June 4, 2024No Comments

US Military Aid to Ukraine: A Pivotal Move Amid Ongoing Conflict and Global Implications

By Maida Pollinari - Russia Team

The war between Russia and Ukraine, now in its third year, continues to be intensely volatile and dynamic. Recent developments, particularly the approval of a significant US military aid package, mark a critical juncture in international support for Ukraine. This article delves into the US decision, its ripple effects across Europe, and the broader implications for all parties involved.

US Military Aid Package to Ukraine

On April 24, 2024, US President Joe Biden approved a substantial $61 billion aid package for Ukraine. This decision concluded prolonged and intense negotiations within the US Congress, characterised by a bipartisan struggle. Notably, Republican Mike Johnson, initially a staunch opponent, reversed his stance after a confidential briefing, citing the existential threat posed by an "axis of evil" comprising Xi Jinping, Vladimir Putin, and Iran. Johnson emphasised that supporting Ukraine was crucial to US national security and a testament to American leadership in defending democracy.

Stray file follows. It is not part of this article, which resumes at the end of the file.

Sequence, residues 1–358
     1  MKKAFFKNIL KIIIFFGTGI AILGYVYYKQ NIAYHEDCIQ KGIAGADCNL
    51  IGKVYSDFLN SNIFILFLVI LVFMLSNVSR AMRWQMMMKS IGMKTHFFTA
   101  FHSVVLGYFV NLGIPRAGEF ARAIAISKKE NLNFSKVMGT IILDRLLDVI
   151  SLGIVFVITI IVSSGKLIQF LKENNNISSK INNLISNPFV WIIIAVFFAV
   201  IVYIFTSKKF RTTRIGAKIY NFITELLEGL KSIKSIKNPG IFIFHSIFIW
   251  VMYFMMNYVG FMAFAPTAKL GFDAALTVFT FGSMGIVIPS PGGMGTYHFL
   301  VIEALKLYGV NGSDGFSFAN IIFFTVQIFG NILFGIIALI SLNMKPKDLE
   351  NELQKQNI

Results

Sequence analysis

Strategic and Political Motivations

Analysts suggest that this aid package is not only a pragmatic political move but also a strategic necessity. The aid aims to stabilise Ukraine's frontlines, mitigating fears of a Russian breakthrough or Ukrainian collapse. This stabilisation is crucial as it sets the stage for potential Ukrainian offensives in the coming months. Furthermore, the timing of this aid is significant given the approaching US presidential elections. Prolonging the conflict could adversely affect former President Donald Trump's approval ratings, possibly benefiting Biden among undecided voters.

European Response